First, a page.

Let's forget the United States for the moment, where it's been supposed that the supply from domestic shale oil will trump whatever shortages might emerge globally.  Even if the US does obtain a high-water mark of 10 or 11 million barrels a day (which I doubt), it still does not come close to counteracting the shortages in a 92m (and growing) barrel a day oil market that are occurring everywhere else.

Iraq: now pumping less than 3m barrels a day, it was expected to supply up to 6m in the next few years.
Iran: Sanctions will again slow their production increases as their nuclear program continues unabated.
Saudi Arabia: 10m barrels a day today is likely full potential production.  
Libya:  Practically off-line and likely to remain so.
Egypt: Civil unrest continues and slows production growth.
Nigeria: How long before current Ebola outbreaks cause quarantines and slowdowns?
North Sea: Fast running dry
Russia: Rosneft/Exxon Arctic project projecting significant forward growth in trouble with sanction war ratcheting higher.
Canada: Oil sands under continuing environmental/transport pressure

There are, however, other potential replacement reserves that might be developed - particularly offshore the US coast, in Mexico and Brazil -- but these are very expensive barrels indeed.  The price of spot oil makes developing these reserves difficult.  But even more, the price of future oil - represented currently by a deeply backwardated futures curve—makes most near and mid-term development of these resources economically impossible. You need only witness the continuing swoon of offshore drilling stocks to understand just how little new investment by the Majors is being undertaken.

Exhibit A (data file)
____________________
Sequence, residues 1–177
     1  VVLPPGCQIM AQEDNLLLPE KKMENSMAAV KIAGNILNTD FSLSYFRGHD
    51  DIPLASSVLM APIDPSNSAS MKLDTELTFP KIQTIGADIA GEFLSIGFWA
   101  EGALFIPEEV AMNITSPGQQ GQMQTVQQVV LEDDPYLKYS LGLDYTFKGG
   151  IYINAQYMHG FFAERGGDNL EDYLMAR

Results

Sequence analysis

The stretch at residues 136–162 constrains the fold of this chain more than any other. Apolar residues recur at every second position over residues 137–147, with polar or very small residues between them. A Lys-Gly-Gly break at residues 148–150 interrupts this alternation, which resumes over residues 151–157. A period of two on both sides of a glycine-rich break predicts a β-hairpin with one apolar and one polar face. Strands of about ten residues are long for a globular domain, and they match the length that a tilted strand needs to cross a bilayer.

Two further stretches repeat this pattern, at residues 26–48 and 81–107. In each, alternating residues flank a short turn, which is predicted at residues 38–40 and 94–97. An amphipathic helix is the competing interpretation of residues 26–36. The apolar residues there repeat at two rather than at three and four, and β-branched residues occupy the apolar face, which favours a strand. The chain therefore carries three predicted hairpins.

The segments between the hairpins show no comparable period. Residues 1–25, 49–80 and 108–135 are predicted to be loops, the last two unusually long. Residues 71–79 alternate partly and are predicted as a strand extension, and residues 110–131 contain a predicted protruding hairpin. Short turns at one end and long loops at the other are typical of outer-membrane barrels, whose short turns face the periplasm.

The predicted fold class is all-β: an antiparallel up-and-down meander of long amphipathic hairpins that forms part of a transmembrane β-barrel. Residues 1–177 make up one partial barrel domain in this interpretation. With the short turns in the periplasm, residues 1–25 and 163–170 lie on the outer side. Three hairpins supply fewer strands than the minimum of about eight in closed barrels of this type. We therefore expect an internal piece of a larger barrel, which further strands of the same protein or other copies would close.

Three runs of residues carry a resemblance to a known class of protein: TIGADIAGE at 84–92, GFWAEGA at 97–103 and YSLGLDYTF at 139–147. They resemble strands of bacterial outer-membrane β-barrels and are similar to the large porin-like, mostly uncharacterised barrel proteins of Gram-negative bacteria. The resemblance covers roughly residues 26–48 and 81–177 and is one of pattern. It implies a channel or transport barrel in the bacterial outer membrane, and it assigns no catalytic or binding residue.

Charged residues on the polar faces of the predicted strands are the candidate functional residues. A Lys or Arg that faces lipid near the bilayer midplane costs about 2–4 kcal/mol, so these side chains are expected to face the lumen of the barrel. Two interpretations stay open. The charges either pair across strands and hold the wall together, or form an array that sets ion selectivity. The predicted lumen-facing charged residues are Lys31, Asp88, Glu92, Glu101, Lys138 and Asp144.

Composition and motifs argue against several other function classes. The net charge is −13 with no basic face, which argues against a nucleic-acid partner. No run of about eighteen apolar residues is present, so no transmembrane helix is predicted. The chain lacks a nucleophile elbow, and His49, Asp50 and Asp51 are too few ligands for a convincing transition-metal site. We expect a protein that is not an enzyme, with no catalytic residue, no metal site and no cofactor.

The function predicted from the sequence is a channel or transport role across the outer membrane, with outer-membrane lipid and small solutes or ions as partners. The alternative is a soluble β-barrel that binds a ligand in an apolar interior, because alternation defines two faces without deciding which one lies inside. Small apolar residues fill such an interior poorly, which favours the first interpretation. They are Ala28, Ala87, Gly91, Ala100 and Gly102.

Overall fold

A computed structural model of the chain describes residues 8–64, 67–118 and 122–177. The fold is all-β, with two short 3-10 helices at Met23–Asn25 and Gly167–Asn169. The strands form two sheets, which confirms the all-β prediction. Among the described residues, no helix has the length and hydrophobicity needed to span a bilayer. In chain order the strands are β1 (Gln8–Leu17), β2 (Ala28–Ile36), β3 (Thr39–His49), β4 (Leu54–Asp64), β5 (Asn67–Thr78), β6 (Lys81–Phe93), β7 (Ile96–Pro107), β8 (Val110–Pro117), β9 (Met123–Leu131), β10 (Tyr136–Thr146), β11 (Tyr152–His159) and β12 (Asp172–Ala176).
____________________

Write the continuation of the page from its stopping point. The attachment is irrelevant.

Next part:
So, let's get the full 2014 picture:  We have, I believe, an oncoming massive shortage of crude; but unlike 2008, we cannot get the financial markets to recognize it and incentivize necessary production.  Instead of a financial market that's outracing the fundamentals, we now have a fundamentally at-risk market where the financials are unable to catch up.  

What happens in a situation like this and when does it happen?

What I expect is a real global shortage of energy - small to begin with, but fast growing more and more dire throughout 2015 - until the system of fundamental and financial oil again break with each other, as they did in the run-up in 2008.

You will ultimately need a future oil price that incentivizes the development of the more expensive barrels to relieve this coming shortage - and knowing how markets always overdo their needs, I expect this to be a ‘super spike' not unlike the last one.

Perhaps finally reaching Arjun Murti's original target.


By Dan Dicker
admin@Oilprice.com
http://oilprice.com/
August 22nd, 2014